When colorful annuals make their way into garden centers, spring foliage houseplants like the Hawaiian umbrella tree plant – Schefflera Arboricola, arrive as well, and are ready to start fighting indoor air pollution!
In most garden centers you’ll find a regular “mix” of plants filling out many of the spring houseplant assortments. One of these plants is the Dwarf Hawaiian Schefflera also known as the dwarf schefflera, dwarf scheff, arb’s and dwarf umbrella tree.
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The Schefflera is the “dwarf” brother to the old time umbrella plant – Schefflera actinophylla. Today, you find one variety of the large Schefflera grown called “Amate” however “Dwarf Umbrella trees” have quite a few varieties and is easy to find in almost any garden center or nursery.
Here’s a couple of Dwarf Schefflera varieties commonly found today:
- Arboricola – regular green variety
- Renate Green variety that has more ripple to the leaves
- ‘Gold Capella’ variegated yellow or gold and green leaves
- ‘Trinette’ variegated cream and green leaves
- ‘Dazzle’ variegated some leaves almost completely creamy white
There are others currently being introduced and tested. I’m sure we’ll see many new varieties of arboricola introduced over the next 5 years.
Schefflera Arboricola Propagation
Arboricola propagation starts in a variety of ways: seeds, cuttings and air-layers, and then grown in the bright light of full sun to produce thick full plants. Usually, the umbrella trees you’ll find in the garden center will be of the bush form.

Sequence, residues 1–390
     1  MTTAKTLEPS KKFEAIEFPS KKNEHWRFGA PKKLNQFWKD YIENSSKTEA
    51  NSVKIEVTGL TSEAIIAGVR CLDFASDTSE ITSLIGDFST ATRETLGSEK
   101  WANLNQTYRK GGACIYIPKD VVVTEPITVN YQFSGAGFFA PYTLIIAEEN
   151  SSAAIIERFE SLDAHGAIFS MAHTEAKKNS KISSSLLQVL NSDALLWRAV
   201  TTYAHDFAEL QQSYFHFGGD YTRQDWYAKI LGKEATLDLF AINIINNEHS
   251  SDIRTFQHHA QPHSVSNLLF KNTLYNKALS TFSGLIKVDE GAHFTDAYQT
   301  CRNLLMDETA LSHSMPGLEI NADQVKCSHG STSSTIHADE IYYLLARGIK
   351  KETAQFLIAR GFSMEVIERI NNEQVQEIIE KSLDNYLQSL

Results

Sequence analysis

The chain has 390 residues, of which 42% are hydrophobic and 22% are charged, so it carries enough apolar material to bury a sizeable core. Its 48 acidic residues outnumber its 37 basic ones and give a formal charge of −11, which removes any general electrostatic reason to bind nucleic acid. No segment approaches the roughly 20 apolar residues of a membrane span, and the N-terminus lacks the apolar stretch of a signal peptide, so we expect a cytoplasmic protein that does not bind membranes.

Pruning the bushes makes them full, round and thick with leaves measuring 4 to 6 inches across forming a “fingered umbrella”. The dwarf scheff is also grown in tree forms, bonsai and braided just like Ficus trees. The lifespan of a Schefflera/Umbrella tree can be years when cared for properly.
Whichever form you buy remember when plants move indoors they go through a period of acclimation. Expect as part of your umbrella plant care for the plant to thin out and loose some leaves.
Dwarf Umbrella Many Light Levels
The Schefflera arboricola can adapt to a wide variety of light levels but prefers higher light intensity if possible especially the variegated varieties – ‘Gold Capella’ & ‘Trinette’.
If left alone the branches and stems can stretch and grow “out of shape”. It’s easy to keep them shaped with occasional selective pruning.
This video from the Bonsai channel talks about pest control and pruning a dwarf umbrella tree. [embedded content]
Fortunately, just like a Ficus the dwarf Schefflera can also handle some radical pruning and come back strongly. Don’t be afraid to prune the plant when needed. If leaves turn black and begin dropping off it’s a good signal the soil is staying too wet or moist. On the flip side when leaf tips wrinkle if they are too dry.
Dwarf Umbrella Plant Roots & Water
These plants have a pretty extensive root system and can even grow climbing a tree. They also seek water when being grown outside. As with most plants used as a house plant indoors, dwarf tree shcefflera arboricola does not like to sit in water. Avoid letting the plant sit in that saucer after you water it likes to be moist but not wet… you don’t want to promote disease.
The Schefflera is in the Aralia family and like many of the plants from this family spider mites like this plant. Clean the plant regularly when indoors and don’t forget the undersides where mites like to hang out. Check with your local garden center for some of the “safe” preventive measures such as “Safer Soap” or than that disease is not a big problem to this plant.
Remember with your dwarf umbrella / schefflera care
- Don’t keep the plant wet
- Place the plant in as bright an area as you can
- Watch out for mites
- Don’t be afraid to prune when needed
That’s a quick look at one of the most easy to find indoor plants today – the Umbrella plant or Schefflera Arboricola.
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